Date of Award


Document Type

Open Access Thesis

Degree Name

Master of Arts (MA)



First Advisor

Jonathan M. Chu

Second Advisor

Maria John

Third Advisor

J. Cedric Woods


This thesis analyzes the historical, legal, and cultural dimensions and processes of land exchange between the Pawtucket-Pennacook and English colonists of Massachusetts Bay Company/Colony, in the seventeenth century. A close reading of colonial archives, reveals political and socio-economic factors, which initially motivated the Pawtucket-Pennacook to trade, share their homelands and ally with the English, forging a brief middle ground period. Through re-interpretation of legal documents and colonial sources, this study illustrates how the Pawtucket-Pennacook attempted to maintain sovereignty and territorial autonomy over Native spaces, which became some of the earliest colonized places in Massachusetts Bay. This research updates and adds to the historiography on Native/Anglo land use, tenure, deeds and legal relations in greater Essex County, Massachusetts, which has received little scholarly attention in the past century, despite its significance as one of the first locales of cross-cultural interaction and territorial transaction.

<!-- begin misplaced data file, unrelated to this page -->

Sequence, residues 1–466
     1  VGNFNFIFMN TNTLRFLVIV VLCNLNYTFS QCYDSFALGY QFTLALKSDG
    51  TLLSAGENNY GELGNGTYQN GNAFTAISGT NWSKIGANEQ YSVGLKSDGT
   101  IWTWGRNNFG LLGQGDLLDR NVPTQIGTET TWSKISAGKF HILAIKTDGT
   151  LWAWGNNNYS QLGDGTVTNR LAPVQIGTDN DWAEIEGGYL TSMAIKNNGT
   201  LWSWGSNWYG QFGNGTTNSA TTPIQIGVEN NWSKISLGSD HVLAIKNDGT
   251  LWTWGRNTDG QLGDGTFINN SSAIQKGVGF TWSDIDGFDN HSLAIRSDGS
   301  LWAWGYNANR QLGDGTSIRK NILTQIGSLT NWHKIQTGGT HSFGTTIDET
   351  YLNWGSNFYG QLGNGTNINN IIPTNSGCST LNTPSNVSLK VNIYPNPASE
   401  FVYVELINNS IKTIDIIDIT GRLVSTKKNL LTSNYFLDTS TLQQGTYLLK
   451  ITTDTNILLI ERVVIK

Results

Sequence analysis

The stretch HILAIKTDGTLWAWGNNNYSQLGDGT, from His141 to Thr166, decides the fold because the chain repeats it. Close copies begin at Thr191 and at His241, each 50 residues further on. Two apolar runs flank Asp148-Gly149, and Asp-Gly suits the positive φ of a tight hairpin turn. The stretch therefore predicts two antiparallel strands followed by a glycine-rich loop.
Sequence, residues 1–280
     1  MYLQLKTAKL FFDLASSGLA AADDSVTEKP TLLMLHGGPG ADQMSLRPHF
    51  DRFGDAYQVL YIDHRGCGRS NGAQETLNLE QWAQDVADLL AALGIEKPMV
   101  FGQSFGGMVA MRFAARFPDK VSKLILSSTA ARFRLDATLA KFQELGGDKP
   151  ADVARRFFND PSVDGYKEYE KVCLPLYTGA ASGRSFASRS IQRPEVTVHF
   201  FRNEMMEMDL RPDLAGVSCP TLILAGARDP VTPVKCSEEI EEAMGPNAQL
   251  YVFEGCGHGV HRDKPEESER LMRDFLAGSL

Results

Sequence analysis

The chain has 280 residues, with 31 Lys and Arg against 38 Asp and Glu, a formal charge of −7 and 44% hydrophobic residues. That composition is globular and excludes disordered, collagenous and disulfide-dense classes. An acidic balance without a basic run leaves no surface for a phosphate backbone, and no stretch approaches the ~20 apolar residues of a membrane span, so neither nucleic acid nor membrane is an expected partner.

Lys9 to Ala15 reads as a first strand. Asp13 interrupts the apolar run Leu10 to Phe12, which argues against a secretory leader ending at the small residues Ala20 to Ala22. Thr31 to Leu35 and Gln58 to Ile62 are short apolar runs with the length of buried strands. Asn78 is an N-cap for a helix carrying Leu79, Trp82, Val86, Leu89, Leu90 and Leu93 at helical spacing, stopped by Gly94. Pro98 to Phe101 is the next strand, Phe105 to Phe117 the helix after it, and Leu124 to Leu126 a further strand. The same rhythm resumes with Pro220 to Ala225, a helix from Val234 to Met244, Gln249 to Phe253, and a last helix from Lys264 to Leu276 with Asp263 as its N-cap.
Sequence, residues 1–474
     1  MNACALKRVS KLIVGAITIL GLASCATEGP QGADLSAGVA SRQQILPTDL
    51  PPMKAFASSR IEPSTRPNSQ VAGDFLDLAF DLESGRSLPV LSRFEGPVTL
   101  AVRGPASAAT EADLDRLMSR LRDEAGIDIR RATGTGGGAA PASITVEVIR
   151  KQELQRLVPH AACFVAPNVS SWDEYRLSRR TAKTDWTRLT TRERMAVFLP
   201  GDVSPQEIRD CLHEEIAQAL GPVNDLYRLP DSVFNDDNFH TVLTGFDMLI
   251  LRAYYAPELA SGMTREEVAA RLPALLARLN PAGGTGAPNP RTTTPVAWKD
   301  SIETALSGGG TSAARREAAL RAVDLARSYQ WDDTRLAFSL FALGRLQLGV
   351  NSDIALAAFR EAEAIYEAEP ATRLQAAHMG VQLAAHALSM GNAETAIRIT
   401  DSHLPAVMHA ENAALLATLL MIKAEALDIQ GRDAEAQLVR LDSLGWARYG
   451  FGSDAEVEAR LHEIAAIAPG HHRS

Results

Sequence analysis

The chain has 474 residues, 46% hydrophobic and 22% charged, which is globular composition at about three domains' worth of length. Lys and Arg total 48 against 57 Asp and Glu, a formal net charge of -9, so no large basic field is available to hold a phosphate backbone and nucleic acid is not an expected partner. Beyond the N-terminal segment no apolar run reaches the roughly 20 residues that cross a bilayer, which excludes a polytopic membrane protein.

A careful re-examination of seventeenth century Native/Anglo land records and court cases, demonstrates that the Pawtucket-Pennacook were not merely victims of English conquest or trickery, but gained early intelligibility of colonial laws and actively asserted their rights, in an attempt to resist displacement through adaptive, hybrid legal, and land exchange practices. Re-analysis of these property negotiations and legal disputes, illuminates Native agency, and resiliency, in strategies of accommodation (cooperation), litigation (legal redress) and mobilization (relocation/removal), used by Pawtucket-Pennacook Sagamores and communities, who persisted in the wake of settler colonialism, dispossession and relations of increasingly uncommon ground with the English, within and beyond Massachusetts Bay.